By Marcia Shannon, Membership Manager
Welcome to the last half of 2023. IDL SIG activity usually slows a little in summer, but we will host several social events. Before I discuss those, I will share my Summit 2023 feedback.
This was my fourth in-person Summit. For the first time, I did more visiting and networking than education. I did attend several sessions but found that I had more satisfaction from time spent catching up with folks I’ve not seen since 2019, finally meeting several of my Zoom-only fellow SIG and chapter colleagues and talking to IDL SIG members and leaders of other SIGs and chapters. I was making up for too many years of too little face-to-face interaction with other tech comm professionals. Swapping stories about adventures in technical communication broadened my outlook while being able to tell several of the presenters how much their sessions provided much-needed information and direction for my next steps. I’m glad I did as much socializing as I did because it filled a space in my spirit.
The session that stands out the most for me was about aural accessibility in training materials. Making Access First: How to Make Aural Information Accessible in Technical Communication, presented by Philip B. Gallagher. Having a niece who is losing her hearing sparked my interest in learning about the challenges of training hearing-impaired employees. Some learners’ first language is ASL (American Sign Language). Incorporating sign language on a screen synched to the visual material and narration is more complicated than just plugging in a window.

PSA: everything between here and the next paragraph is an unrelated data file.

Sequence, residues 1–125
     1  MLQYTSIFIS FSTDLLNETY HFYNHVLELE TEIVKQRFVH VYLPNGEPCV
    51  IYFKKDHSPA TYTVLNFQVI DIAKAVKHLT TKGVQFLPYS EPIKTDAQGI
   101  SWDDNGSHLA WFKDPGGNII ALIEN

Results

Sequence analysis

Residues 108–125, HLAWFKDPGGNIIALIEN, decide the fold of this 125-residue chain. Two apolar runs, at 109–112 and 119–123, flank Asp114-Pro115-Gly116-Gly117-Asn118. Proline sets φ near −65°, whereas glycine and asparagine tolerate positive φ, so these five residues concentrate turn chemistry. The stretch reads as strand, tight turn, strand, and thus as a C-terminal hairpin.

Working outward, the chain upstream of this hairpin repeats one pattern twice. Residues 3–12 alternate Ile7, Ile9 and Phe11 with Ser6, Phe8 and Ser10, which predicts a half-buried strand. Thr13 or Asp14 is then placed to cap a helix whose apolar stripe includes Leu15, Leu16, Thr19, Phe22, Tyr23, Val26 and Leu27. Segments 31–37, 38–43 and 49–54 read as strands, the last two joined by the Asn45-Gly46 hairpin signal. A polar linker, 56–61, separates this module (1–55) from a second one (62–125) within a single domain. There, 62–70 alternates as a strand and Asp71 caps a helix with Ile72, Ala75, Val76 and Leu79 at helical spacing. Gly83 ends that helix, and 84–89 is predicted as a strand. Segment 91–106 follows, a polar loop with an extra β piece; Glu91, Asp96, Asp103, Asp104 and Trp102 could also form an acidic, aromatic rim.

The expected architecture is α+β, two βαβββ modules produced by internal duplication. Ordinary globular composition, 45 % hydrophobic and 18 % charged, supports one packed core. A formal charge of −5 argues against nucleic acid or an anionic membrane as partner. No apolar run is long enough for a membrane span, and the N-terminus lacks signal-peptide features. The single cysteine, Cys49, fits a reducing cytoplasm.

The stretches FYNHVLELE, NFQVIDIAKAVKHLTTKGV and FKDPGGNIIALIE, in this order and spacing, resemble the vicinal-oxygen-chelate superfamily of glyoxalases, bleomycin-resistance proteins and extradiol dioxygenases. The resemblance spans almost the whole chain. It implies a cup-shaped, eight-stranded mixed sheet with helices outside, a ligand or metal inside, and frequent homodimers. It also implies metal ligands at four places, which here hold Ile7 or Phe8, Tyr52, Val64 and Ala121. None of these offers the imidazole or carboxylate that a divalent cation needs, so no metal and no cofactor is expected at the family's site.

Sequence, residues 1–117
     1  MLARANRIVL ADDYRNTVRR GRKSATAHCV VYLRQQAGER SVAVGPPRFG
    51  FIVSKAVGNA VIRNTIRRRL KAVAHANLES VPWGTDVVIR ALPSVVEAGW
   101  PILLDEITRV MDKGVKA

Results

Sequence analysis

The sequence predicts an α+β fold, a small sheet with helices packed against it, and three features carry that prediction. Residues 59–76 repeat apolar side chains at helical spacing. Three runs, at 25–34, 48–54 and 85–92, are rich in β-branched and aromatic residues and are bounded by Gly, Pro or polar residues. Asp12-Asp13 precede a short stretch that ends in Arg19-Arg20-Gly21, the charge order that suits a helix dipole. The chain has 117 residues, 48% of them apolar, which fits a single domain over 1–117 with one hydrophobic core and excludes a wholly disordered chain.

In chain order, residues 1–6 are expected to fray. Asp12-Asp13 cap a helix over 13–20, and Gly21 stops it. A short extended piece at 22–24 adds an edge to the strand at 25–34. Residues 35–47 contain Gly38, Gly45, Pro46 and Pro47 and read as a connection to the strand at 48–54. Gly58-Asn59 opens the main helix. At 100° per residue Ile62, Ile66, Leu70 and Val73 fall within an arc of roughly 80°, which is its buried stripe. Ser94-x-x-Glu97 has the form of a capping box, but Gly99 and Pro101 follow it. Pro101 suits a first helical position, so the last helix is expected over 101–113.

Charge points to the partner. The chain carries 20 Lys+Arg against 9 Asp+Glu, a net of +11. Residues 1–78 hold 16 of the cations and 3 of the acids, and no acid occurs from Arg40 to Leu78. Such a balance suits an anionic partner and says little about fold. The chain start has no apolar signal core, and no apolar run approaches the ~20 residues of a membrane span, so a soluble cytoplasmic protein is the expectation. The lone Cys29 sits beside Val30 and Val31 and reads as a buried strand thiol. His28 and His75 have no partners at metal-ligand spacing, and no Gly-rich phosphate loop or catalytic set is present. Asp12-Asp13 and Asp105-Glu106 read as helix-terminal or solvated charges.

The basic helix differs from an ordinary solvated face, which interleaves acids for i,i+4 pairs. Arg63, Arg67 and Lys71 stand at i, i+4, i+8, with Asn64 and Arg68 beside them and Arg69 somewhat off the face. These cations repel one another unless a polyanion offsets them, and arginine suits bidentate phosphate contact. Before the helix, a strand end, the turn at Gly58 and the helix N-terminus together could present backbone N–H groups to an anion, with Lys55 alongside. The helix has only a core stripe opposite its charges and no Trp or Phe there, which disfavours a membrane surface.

Captioning is another area that needs more research and development, especially where the captioning must be done in real-time. I saw this example at a grand-nephew’s high school graduation, where the student names did not survive the captioning service’s best guesses. Imagine a lecture or training session where important words are mangled! Session attendees had a live demonstration about that situation.
For me, the phrase that summed up the concerns and goals of accessibility discussions is “information justice.” It encompasses the requirement to level the fields in learning and employment by building alternate methods for conveying information.
As for third quarter activities, we have our First Fridays @ 5, where you can start a discussion about all things IDL and tech comm. The STC website calendar notes the dates, as are other events, such as webinars and workshops. You will receive details in the announcement emails sent to members each month. I hope you can join one of these events to get to know other SIG members and to share and receive information to help your technical communication and instructional design career flourish.
Several SIG leaders are ready to hand over our roles to others. Please consider volunteering to fill one of those roles; we need your perspective, experience, and enthusiasm to keep the IDL SIG functioning at its best. The leadership roles and committee descriptions are on the IDL website, with short-term projects in the Classifieds section. There is a volunteer position that will fit your talents, so come on in.